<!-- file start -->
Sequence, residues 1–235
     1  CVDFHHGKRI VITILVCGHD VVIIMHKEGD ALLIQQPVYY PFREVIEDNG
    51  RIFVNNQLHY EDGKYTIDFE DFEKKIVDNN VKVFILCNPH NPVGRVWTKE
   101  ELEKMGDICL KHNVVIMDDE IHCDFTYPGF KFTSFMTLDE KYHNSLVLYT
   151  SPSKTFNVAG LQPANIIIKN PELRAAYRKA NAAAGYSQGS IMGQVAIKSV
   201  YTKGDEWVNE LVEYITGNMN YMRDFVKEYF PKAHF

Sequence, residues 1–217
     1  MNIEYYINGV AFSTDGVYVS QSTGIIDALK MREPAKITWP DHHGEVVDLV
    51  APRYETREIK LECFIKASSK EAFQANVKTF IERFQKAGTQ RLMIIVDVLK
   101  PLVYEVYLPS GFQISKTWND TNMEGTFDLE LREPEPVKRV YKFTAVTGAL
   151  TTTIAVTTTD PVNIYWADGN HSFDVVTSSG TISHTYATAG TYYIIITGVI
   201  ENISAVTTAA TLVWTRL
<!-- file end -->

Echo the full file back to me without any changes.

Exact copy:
Sequence, residues 1–235
     1  CVDFHHGKRI VITILVCGHD VVIIMHKEGD ALLIQQPVYY PFREVIEDNG
    51  RIFVNNQLHY EDGKYTIDFE DFEKKIVDNN VKVFILCNPH NPVGRVWTKE
   101  ELEKMGDICL KHNVVIMDDE IHCDFTYPGF KFTSFMTLDE KYHNSLVLYT
   151  SPSKTFNVAG LQPANIIIKN PELRAAYRKA NAAAGYSQGS IMGQVAIKSV
   201  YTKGDEWVNE LVEYITGNMN YMRDFVKEYF PKAHF

Sequence, residues 1–217
     1  MNIEYYINGV AFSTDGVYVS QSTGIIDALK MREPAKITWP DHHGEVVDLV
    51  APRYETREIK LECFIKASSK EAFQANVKTF IERFQKAGTQ RLMIIVDVLK
   101  PLVYEVYLPS GFQISKTWND TNMEGTFDLE LREPEPVKRV YKFTAVTGAL
   151  TTTIAVTTTD PVNIYWADGN HSFDVVTSSG TISHTYATAG TYYIIITGVI
   201  ENISAVTTAA TLVWTRL